When you find that you keep colliding with the same message over and over, it’s a good sign that it’s time to pay attention.
Lately, I have been colliding with the message to stay within my scope of practice as a yoga teacher. Various articles as well as conversations with family and colleagues keep turning up the same intelligence: stick with what you know.
Moving beyond my scope of practice is of absolutely no benefit to myself or my students and can, at times, even be harmful. This is not specific to yoga teachers, but to anyone with a responsibility to clients, students, patients, etc.
In exploring this juicy topic, I asked myself, “Why would someone want to move beyond their scope of practice?”
Though there are probably many reasons, I will focus on two: 1) Lack of self-worth and 2) Lack of clarity.
If you’re worried that who you are and what you do are not enough, of course you will try to be something more, because the desire to feel worthy and loved is so powerful, you might even be willing to step into territory where you have no business being.
When someone comes up to you after class asking for advice about their shoulder injury, you will try to help them (even if you have no clue what their problem is) because you think if you don’t, what good are you?
As you can imagine, lack of self-worth can cause us to do some pretty crazy things. Let me say this to you: what you have to offer as a yoga teacher (or whatever you do) is enough.
You are enough and people need what you have to offer.
They don’t need bad advice or made-up answers even if it is well-intentioned. Here are a couple of things I say to people when they come up to me looking for answers:
1. If I have a pretty good idea of what is going on, I will say, “Though I am not a doctor or physical therapist and therefore cannot offer a diagnosis or prescribe exercises, I can give you a couple of things to experiment with. These have been helpful to me when struggling with a similar issue, but you have to try them for yourself and see what works for you.”
2. If I have no idea what is going on, I will say, “I do not have the knowledge or experience to offer a good answer. Why don’t you try talking to (offer a referral, preferably someone you know) who has expertise in this area.
When we try to take on the role of other professionals, it is saying to ourselves, “You’re not good enough. You have to be a massage therapist or a doctor to be worthy.” By accepting your skill set as it is (and always seeking to learn more), you are saying to yourself, “I have something important to offer and I will do the very best with this skill set.”
You will actually end up being more effective as a yoga teacher (or whatever you do) when you focus on what you know and go deep into that knowledge.
If you’re too distracted by trying to be something else, you won’t have time to deepen the knowledge and refine the skills you already have!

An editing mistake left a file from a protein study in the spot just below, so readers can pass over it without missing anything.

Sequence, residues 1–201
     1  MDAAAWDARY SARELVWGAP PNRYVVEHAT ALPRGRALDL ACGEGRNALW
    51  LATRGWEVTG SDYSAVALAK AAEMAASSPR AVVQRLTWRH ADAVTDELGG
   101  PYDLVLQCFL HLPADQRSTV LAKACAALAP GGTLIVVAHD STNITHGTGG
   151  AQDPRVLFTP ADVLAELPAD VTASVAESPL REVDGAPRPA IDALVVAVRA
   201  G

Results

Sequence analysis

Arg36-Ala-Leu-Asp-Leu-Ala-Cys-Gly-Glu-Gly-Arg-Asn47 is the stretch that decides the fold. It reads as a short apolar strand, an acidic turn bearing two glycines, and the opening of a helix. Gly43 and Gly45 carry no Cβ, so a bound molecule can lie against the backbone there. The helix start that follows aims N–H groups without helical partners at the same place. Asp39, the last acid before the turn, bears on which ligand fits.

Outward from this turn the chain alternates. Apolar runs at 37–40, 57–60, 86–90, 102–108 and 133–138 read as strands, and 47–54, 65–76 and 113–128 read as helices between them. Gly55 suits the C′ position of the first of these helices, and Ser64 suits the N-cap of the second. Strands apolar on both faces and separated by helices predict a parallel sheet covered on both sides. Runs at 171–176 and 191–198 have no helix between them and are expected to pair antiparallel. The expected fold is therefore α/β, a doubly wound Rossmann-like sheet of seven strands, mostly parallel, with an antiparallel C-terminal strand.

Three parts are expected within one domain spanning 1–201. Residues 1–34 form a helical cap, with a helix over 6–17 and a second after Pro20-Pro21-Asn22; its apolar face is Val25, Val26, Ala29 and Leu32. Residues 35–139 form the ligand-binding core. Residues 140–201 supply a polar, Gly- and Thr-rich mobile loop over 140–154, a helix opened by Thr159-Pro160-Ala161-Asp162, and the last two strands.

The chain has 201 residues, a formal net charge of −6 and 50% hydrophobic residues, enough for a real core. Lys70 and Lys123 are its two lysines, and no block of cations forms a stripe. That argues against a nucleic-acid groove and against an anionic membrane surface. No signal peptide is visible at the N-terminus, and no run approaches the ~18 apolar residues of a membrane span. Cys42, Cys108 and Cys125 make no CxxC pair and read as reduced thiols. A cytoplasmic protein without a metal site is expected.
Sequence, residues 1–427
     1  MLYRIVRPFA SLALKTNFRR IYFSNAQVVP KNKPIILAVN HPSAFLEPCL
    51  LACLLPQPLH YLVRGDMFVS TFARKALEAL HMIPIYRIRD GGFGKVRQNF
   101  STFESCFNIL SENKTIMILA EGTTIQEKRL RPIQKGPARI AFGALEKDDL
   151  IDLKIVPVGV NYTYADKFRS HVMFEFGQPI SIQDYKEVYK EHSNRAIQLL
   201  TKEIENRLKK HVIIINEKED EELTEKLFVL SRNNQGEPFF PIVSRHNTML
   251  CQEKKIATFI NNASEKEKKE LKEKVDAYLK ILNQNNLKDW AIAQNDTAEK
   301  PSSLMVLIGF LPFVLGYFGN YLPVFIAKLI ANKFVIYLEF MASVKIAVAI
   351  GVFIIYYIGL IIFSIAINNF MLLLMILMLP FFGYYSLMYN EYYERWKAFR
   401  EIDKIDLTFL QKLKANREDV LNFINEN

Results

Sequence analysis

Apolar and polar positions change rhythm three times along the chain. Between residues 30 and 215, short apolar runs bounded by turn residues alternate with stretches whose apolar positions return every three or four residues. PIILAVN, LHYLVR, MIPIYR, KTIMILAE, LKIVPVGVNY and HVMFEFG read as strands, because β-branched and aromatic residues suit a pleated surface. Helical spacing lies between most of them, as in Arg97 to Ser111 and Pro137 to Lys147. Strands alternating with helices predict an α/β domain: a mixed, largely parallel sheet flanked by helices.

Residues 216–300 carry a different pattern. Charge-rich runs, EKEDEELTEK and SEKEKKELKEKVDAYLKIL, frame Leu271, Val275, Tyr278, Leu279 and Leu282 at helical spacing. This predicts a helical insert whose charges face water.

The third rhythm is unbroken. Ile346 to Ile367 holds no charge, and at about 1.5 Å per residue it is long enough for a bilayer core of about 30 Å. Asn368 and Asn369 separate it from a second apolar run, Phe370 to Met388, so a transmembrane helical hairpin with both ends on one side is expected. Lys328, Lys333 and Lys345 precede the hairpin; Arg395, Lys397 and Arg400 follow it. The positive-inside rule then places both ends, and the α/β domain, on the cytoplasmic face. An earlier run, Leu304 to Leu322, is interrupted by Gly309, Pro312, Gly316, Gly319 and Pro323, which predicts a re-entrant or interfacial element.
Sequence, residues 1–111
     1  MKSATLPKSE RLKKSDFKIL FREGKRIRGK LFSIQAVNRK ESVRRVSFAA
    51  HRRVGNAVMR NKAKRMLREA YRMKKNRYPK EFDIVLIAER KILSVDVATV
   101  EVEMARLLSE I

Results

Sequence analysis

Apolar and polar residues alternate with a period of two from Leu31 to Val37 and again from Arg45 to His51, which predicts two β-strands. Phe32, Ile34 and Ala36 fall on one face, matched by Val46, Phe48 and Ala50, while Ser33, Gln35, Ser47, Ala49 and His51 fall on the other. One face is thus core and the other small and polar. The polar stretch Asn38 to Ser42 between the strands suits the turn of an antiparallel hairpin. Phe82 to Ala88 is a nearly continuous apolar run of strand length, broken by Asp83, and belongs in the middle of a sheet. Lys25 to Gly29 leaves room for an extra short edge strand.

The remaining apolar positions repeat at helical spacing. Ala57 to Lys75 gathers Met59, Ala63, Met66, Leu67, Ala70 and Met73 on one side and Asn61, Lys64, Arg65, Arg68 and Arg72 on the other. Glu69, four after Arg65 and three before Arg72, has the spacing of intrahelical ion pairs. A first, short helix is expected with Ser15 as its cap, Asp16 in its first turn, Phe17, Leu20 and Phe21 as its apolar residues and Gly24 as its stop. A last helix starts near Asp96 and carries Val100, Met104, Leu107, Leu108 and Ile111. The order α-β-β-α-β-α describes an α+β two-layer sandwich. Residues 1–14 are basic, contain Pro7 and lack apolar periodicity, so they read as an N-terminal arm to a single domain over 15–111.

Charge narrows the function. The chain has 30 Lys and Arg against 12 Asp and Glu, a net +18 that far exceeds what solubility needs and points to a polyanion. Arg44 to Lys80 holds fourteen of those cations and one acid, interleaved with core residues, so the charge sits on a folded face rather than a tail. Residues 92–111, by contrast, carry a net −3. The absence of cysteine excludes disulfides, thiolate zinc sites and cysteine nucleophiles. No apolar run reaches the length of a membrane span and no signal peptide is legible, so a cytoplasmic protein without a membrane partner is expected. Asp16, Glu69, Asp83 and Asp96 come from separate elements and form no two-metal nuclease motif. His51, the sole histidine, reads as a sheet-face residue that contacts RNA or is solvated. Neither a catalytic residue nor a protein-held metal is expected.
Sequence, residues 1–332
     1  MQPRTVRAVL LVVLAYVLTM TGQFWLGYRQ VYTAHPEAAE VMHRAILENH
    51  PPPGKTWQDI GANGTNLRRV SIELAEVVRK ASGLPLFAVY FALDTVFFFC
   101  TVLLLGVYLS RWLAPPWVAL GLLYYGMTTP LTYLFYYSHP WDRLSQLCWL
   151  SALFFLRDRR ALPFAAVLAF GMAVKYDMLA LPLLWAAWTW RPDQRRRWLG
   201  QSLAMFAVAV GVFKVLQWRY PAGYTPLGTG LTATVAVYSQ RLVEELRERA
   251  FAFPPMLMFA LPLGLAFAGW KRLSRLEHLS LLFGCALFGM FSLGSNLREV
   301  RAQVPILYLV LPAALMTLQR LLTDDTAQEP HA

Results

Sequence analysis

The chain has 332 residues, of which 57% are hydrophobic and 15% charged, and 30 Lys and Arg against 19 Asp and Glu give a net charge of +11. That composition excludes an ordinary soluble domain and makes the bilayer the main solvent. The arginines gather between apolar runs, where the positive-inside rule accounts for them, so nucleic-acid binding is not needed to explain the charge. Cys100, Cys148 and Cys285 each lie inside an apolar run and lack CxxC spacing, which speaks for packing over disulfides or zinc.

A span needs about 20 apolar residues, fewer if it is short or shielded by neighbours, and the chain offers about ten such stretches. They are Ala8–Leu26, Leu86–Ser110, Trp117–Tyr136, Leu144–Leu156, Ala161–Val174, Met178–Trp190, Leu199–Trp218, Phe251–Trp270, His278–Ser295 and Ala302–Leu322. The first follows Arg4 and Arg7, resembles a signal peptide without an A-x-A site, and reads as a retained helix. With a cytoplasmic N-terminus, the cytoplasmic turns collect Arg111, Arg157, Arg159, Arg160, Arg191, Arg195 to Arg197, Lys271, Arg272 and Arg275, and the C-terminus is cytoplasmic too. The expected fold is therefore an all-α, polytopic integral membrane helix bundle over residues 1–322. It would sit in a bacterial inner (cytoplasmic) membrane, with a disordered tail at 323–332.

Last Fall, I took a workshop with Ross Rayburn and he reminded us of the power of the basics. Even moving through really basic yoga poses can be powerful, if done correctly and with the support and guidance of a teacher well-versed in the basics.
Here’s what I took from this: trust yourself, you don’t need a lot of fancy stuff to be effective.
Moving on to lack of clarity, another big reason folks step out of bounds. Are you crystal clear on what your mission is in your business? Are you clear about who you are serving and how you are serving them or are you trying to be all things to all people? There are so many professionals out there with oodles of specialized knowledge and experience just waiting to serve people.
You don’t have to be them, but you can connect with them to have a support network for your students, clients and patients.
When I actually sat down and took the time to think about and write out my mission, I found a lot more clarity and direction. Projects and classes that did not fit this vision were booted and I had more time to work on and improve the things that did fit.
I thought about what I wanted to give to my students and what I actually had to offer them and that is what I focus on when teaching.
I’m not trying to be the perfect, all-knowing yoga teacher and even though I have a Masters Degree in Social Work and can work as a counselor, I am clear about the fact that I am not operating as a therapist or a counselor in my yoga business—I just don’t go there.
Know that you are good enough, focus on the skills you have, get clear in your mission and you will never need to move beyond your scope of practice. It’s better for everyone!
Shedding the heaviness, darkness and withdrawal of the past and becoming a more authentic and vibrant version of herself has been Erin’s yogic journey and it is her passion to facilitate this journey for others. Erin teaches and practices yoga in Seattle. Check out her website for further information.
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Ed: Bryonie Wise
(Source: Uploaded by user via Michele on Pinterest)
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